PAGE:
Experiential learning comes from cultural immersion & autism

Experiential learning comes from cultural immersion & autism

By Gwendolyn Barnhart, Ph.D.
August 1, 2021 - Last updated: August 2, 2021

While completing a graduate program in clinical psychology, there come difficulties, and with them come opportunities for growth through experiential learning. One growth opportunity for me is through navigating this training process while on the autism spectrum.

For most people, social aspects of navigating the world come naturally, but I have to learn as though it were math or history. This is one of the reasons I find psychology so fascinating: I study and learn about human behavior, which helps me to help others while also helping me navigate the world.

One of my favorite clinical training experiences has been through an internship in Nome, Alaska, where I have worked with Alaskan Natives in Nome and surrounding villages. No roads connect Nome to any major city. All resources are obtained through subsistence activities or the costly practice of flying them in or shipping when the sea isn’t frozen. The nearest city is Anchorage, which is 500 miles away, again, with no roads.

I enjoy being in a rural setting, away from the hustle and bustle of city life. City life is daunting for me as the noises are too loud and the lights are too bright. Too much sensory input can be difficult for me. Nome is quiet – no freeways, no large crowds, no sensory craziness – or at least it is minimized.

As an autistic, I have learned to navigate these overt aspects of sensory overload, but it can still be emotionally exhausting to constantly work to regulate my own emotions, cognitions and behavior. I “mask” often; heaven forbid anyone find out that I’m different. In Nome, those from the lower 48 are different. It gives me comfort to no longer be the only different one in town.

Living within this region gives me the opportunity to experience the basic framework of what it means to be human in the context of the environment, the ecosystem and the planet as I am not exhausting myself regulating my sensory and social difficulties. I enjoy the simplicity of life on the tundra, learning about subsistence living and what it means to truly rely on the environment for survival and become an active part of the ecosystem.

I also enjoy immersing myself in other cultures. Within a cohort model, my fellow interns are tasked with learning about a new culture and being immersed in it. Since this is my experience nearly every day, I feel as though we are on a level playing field, which is comforting.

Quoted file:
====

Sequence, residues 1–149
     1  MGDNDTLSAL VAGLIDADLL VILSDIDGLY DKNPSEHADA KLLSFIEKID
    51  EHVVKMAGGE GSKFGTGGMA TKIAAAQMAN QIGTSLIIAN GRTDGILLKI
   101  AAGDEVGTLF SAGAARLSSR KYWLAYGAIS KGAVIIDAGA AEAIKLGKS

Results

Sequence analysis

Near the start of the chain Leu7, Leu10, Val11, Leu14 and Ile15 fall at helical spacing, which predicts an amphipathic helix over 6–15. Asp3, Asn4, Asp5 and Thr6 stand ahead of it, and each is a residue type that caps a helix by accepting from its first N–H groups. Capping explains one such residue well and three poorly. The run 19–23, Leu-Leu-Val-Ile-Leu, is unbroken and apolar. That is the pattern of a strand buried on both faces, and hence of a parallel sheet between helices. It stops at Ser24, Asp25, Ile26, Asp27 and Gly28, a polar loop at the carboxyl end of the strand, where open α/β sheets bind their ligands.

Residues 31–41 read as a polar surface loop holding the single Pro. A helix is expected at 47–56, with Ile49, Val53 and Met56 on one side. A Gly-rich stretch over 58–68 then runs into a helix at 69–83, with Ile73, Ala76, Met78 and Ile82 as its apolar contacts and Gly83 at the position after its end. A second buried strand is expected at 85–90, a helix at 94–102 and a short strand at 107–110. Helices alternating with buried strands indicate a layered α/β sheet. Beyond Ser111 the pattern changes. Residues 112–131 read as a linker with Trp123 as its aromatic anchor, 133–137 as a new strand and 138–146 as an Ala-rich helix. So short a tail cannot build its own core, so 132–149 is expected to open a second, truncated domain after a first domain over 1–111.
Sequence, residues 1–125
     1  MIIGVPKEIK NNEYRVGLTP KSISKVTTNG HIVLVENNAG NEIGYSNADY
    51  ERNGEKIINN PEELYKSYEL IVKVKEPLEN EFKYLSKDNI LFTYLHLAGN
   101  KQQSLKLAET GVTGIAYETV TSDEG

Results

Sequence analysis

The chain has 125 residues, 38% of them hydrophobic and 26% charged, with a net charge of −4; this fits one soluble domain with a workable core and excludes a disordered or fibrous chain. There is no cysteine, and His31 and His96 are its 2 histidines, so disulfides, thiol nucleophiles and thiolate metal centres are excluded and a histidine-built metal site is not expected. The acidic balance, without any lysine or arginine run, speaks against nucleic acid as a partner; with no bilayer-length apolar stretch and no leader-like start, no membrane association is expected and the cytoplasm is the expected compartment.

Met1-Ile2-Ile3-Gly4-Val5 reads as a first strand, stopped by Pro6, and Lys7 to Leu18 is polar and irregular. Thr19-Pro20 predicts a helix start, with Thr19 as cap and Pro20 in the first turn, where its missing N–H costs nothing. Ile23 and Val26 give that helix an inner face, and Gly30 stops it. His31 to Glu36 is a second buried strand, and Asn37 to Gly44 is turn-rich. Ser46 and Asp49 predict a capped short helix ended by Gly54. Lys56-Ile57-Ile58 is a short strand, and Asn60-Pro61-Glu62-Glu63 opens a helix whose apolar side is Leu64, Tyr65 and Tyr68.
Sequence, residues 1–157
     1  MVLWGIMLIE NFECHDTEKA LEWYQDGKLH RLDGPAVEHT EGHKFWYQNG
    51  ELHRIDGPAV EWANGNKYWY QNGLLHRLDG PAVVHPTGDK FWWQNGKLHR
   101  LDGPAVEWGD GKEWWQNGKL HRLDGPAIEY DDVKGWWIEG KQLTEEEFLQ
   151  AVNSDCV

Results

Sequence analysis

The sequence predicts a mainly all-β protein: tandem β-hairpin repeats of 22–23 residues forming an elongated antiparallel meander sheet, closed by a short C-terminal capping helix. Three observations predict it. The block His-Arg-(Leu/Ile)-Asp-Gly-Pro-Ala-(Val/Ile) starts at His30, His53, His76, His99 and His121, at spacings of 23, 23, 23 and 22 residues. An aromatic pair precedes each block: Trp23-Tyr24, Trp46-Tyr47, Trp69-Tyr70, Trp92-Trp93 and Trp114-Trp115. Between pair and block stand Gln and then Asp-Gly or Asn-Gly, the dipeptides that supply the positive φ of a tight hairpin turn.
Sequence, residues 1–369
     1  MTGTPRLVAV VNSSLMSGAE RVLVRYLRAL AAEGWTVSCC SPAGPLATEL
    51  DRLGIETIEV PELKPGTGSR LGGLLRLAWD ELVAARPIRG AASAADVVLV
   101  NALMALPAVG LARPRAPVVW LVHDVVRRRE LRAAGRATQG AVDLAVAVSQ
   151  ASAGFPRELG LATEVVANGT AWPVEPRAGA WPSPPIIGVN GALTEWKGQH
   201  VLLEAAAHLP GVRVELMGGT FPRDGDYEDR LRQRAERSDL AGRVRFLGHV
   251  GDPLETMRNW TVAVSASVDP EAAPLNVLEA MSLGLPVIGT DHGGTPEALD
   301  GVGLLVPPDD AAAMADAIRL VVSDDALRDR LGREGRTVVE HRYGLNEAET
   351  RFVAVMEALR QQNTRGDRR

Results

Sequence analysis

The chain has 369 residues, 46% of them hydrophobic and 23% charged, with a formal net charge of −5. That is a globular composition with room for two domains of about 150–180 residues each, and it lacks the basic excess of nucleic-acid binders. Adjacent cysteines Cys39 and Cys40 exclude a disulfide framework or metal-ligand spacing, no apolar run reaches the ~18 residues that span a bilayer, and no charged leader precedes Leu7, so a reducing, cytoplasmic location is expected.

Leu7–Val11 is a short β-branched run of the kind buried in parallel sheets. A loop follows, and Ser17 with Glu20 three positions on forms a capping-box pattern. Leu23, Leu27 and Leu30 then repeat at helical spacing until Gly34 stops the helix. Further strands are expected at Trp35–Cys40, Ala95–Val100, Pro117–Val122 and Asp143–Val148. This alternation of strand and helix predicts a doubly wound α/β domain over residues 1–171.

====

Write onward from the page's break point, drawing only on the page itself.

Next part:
While in Nome and working with those in the surrounding villages, humility is needed as it is imperative to put our Western cultural lens aside and look through the lens of the lived experiences of those we serve. Some cultural aspects of those in the region have been adversely impacted due to colonialism and negative assertions of Native cultural practices.

People who live in this region often rely on traditional ways of life to survive. Some people do not have running water and regularly have to haul water as part of their daily life. Others do not have plumbing facilities and use “honey buckets” for hygienic purposes. Some do not have internet or cable. In the region, hunting seals, walrus, caribou and other wildlife are essential for survival. To many Westernized eyes, hunting seal and whale are unthinkable acts, while here, to Native eyes, the practice is necessary to feed their families.

As an autistic, I enjoy identifying parallels and threads in culture that create the fabric of what it means to be human.

As psychologists, it is imperative to put aside our Western lens and our own personal biases, opinions and expectations, since these can hinder therapeutic relationships when working with those in the region.

For me, as an autistic, I can relate to some degree; being judged for being autistic is common. People have their biases and opine about what autistics are supposed to be like, about what I am supposed to be like. When I don’t fit their narrative, people often do not understand and attempt to assert their expertise on the subject. I feel as though Westernized culture has done this same thing to Native cultures.

I am fairly good at masking, or playing the “pretending to be normal game.” For me, psychology is the instruction manual. When I live by the manual, I can pass.
Much of my psychological training has been through the lens of Westernized culture, based on Western norms and values. This same culture has victimized those I serve. In a way, this culture has victimized me and others with neurodivergent minds.

Cultural sensitivity is needed when serving a population that has undergone such a tumultuous change in its way of life, especially since the adverse ramifications of it are present in the lives of those that come into my office as they actively experience the trauma associated with colonialism.

My job is to sit alongside my clients, acknowledge and process the past, its adverse effects and how it coincides with an ever-changing world with cultural sensitivity all whilst masking and playing the “pretending to be normal game.”

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Gwendolyn Barnhart is a Psy.D. student from Antioch University – Seattle Clinical Psychology program who is finishing her internship in Nome, Alaska, through the Alaska Psychology Internship Consortium. She holds a Ph.D. in general psychology with an emphasis in research and is also finishing her Ed.D. through Walden University concurrently with her Psy.D at Antioch University. Her email is: gbarnhart@antioch.edu

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